Why COVID-19 Prevention Should Be A Priority If You're Pregnant

Pregnancy is rough on the body. Growing a human is no easy feat and can take quite a toll on your mental, emotional, and physical health.

Your immune system, in particular, goes through a major adjustment during pregnancy in order to provide an ideal environment for your growing baby. However, this can potentially leave you with a higher risk of developing certain illnesses and infections (via Healthline).

"The immune system is not a monolith — instead it's a complicated system of chemicals and physical structures that are constantly adapting to our circumstances," childbirth educator and doula Sara Lyon explained to Romper. "With this in mind, think of the immune system like a switchboard. In pregnancy, and throughout, there is an ever-changing balance of suppression and enhancement that will make each woman's immune system both more vulnerable to some pathogens and less vulnerable to others." This especially rings true when it comes to COVID-19.

Pregnancy complications associated with COVID-19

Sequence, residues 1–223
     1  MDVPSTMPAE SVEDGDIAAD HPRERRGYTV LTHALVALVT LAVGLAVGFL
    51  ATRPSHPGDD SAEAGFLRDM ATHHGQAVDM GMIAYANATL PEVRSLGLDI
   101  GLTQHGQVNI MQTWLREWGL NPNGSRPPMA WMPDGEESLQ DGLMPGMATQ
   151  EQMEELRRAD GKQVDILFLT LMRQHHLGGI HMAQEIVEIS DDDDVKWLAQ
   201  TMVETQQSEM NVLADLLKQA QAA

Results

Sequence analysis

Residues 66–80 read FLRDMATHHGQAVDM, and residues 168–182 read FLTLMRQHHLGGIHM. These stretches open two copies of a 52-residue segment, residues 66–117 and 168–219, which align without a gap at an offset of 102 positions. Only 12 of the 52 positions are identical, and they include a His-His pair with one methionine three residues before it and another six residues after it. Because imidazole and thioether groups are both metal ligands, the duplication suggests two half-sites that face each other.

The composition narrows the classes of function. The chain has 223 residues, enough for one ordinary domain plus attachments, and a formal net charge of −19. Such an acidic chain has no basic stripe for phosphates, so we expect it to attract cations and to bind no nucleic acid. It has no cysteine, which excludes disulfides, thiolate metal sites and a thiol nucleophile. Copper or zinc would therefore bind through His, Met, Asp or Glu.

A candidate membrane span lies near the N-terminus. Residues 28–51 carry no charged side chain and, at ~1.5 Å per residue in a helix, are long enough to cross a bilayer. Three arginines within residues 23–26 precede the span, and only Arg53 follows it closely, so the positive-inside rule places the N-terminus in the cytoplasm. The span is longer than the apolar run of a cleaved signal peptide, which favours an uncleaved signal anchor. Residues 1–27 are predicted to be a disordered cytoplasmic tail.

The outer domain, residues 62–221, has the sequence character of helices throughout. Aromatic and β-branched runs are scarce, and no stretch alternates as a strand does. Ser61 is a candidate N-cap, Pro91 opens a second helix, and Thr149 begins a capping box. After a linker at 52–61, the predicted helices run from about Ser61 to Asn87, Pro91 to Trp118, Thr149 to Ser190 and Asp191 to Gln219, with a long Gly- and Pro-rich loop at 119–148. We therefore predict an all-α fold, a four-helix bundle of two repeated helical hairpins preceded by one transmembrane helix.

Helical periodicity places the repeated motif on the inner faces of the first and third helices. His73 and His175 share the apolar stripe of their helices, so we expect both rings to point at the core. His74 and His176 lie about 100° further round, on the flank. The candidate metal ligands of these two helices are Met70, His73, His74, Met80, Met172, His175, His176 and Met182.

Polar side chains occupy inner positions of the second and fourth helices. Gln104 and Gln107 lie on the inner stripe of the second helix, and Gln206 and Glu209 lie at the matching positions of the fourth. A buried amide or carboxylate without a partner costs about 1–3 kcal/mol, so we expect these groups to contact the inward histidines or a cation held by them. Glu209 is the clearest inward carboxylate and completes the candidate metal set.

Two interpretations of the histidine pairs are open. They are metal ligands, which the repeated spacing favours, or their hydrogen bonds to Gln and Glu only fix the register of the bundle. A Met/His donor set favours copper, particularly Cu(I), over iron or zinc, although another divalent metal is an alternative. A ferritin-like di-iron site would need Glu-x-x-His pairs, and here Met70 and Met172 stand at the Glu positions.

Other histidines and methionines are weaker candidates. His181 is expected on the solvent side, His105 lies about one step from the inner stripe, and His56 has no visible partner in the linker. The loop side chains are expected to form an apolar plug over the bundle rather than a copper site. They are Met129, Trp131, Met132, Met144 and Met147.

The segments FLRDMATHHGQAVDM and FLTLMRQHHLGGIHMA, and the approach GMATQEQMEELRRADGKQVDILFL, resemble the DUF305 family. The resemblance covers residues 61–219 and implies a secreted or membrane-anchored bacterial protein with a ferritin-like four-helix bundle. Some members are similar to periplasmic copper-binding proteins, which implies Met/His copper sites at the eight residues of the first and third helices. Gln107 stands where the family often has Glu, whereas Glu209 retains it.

Because the immune system is in a state of flux during pregnancy, this leaves pregnant people who have COVID-19 more susceptible to severe complications (via Healthline). A 2021 study published in Obstetrics and Gynecology suggests that women with COVID-19 have a higher risk of maternal death due to an increased need for ventilation and ICU admission during pregnancy.

The health of unborn babies is at risk, too. A 2021 study published in Pathology & Laboratory Medicine found that the virus had a higher chance of attacking the placenta in pregnant people who were unvaccinated. This led to the placenta not being able to provide adequate oxygen and nutrition for the baby, which significantly increased the chances of stillbirth and neonatal death.

The best way to prevent severe COVID complications and give you and your baby your best chance at being healthy and safe is to get vaccinated. "There is a wide body of evidence demonstrating the safety of certain vaccines to both mother and baby and the potential benefits, such as conferring immunity and lowering the risk of serious disease in the neonate," reproductive endocrinologist Dr. Lucky Sekhon told Healthline. "The COVID vaccine has been approved and is encouraged in pregnant and nursing mothers."